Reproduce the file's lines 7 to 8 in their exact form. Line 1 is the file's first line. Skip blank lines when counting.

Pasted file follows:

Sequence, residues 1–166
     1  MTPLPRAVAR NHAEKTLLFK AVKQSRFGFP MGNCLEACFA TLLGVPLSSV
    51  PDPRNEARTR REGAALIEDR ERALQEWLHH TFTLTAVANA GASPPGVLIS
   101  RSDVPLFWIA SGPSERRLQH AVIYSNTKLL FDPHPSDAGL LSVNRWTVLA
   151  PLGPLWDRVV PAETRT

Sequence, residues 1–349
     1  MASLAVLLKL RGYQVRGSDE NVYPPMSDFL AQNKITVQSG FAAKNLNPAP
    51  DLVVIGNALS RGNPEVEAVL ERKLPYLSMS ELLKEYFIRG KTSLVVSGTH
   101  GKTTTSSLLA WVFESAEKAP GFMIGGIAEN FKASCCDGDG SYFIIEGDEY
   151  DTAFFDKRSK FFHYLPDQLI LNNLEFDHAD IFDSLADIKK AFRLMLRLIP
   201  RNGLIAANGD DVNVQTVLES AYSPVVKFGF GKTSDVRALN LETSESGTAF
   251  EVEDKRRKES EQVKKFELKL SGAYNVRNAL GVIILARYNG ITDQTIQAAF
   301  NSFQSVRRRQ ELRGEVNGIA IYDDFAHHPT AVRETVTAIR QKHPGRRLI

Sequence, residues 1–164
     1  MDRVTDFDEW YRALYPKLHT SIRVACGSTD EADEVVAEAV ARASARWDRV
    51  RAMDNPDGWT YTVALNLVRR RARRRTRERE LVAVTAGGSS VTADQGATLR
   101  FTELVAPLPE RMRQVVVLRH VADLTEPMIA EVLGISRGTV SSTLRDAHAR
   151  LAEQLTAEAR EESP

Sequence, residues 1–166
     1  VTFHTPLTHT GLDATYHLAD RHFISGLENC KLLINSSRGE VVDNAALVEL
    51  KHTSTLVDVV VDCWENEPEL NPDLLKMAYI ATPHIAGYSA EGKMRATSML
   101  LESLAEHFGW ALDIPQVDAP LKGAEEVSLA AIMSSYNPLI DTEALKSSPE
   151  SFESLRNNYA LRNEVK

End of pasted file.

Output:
     1  MASLAVLLKL RGYQVRGSDE NVYPPMSDFL AQNKITVQSG FAAKNLNPAP
    51  DLVVIGNALS RGNPEVEAVL ERKLPYLSMS ELLKEYFIRG KTSLVVSGTH